A Cancer-versary And Six Truths I Discovered Through Healing

Over the years you seen, heard or read about me (George) observing a cancer-versary – remembering my experience healing from cancer and the many life lessons I learned along that path. This year has been a little different. Just this past Friday it sort of snuck up on me. Over the past week, I’ve been short tempered and tired, easily distracted and moody. Until last night I thought it was a funk, a mood, something random and maybe chemical. With all of the conversations we’ve been having about mental health and depression these past few years, I wasn’t making it wrong or judging it, I was more frustrated that it wasn’t getting better. And I know by now that the opportunity is simply to BE with it.

Now, understanding the connection between my moodiness and the cancer-versary, things are not only making more sense to me, they are actually feeling like they’re getting a bit better.

It’s been an interesting day here. A lot of emotion and reflection for me. I’m in a very clear space right now and I thought I’d express with you some reflections that have come to me today. It’s timely too, because a few weeks ago, a dear friend of ours – a lovely human – was contemplating out loud that she wondered if she’s “special” or just “an asshole who thinks she might be special”. It started a fascinating conversation among our friends and Tracey and I thought I’d invite you into it, too.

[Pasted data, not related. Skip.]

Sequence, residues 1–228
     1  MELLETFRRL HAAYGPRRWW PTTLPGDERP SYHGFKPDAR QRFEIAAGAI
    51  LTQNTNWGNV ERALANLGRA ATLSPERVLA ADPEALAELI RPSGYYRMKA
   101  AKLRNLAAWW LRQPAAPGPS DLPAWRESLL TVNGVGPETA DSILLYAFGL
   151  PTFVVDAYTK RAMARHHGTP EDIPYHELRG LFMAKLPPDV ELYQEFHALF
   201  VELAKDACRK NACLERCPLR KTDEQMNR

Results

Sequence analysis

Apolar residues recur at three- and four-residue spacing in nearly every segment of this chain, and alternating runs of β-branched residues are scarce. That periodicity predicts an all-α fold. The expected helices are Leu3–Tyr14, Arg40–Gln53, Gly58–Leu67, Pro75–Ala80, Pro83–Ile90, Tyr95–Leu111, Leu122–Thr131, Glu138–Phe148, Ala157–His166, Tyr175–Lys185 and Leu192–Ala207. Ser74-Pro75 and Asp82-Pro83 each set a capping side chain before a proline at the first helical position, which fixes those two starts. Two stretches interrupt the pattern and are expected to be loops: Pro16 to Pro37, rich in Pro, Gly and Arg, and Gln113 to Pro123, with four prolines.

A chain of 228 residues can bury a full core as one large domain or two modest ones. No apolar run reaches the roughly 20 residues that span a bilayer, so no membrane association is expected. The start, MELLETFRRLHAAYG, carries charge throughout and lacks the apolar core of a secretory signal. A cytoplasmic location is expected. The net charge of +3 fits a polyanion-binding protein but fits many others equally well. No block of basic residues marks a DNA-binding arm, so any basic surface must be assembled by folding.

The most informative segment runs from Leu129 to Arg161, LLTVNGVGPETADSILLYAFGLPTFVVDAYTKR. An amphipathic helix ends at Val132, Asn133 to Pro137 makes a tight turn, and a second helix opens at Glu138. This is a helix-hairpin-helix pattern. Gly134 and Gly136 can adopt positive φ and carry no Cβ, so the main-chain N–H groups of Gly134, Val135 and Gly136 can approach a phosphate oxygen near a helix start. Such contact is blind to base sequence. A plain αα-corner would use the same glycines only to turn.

“I am an asshole. But I know I’m an asshole.” – Wener Erhardt

18 years ago today I was sent to the hospital because I was having heart palpitations, my immune system was gone (completely) and I was functioning (driving around, going to court, skiing, producing and promoting a charity rock concert, producing a record, managing our home with myself and two kids, all with 20% of the functional blood a living person should have. A few months prior I was in a motorcycle wreck, too, and I was fine. So, I had reason to be hopeful. I didn’t know what was going on, but I wasn’t scared. I honestly thought I just needed an infusion of new blood and I’d be fine. That day was also a Thursday.

I wouldn’t know for another 3 days (Sunday) that I had cancer. I wouldn’t know until Monday that a rare form of cancer had completely replaced all of my bone marrow. And I wouldn’t start my treatment for another week while my team nursed me back to strength with 10 infusions of whole blood.

During that time, I had many waking hours of asking myself very similar questions to the one our friend raised last week. On this 18th anniversary, I thought I’d share some of the answers that came to me (for me) in hours upon hours of deep meditation in hospital on that day and in the 28 days in hospital that followed (and many meditation sessions since then, as well, of course). I’ll share six of them here. These are true for me. You’ll decide for yourselves because you’re sovereign and free but it dawned upon me that perhaps I never shared them with you in so many words.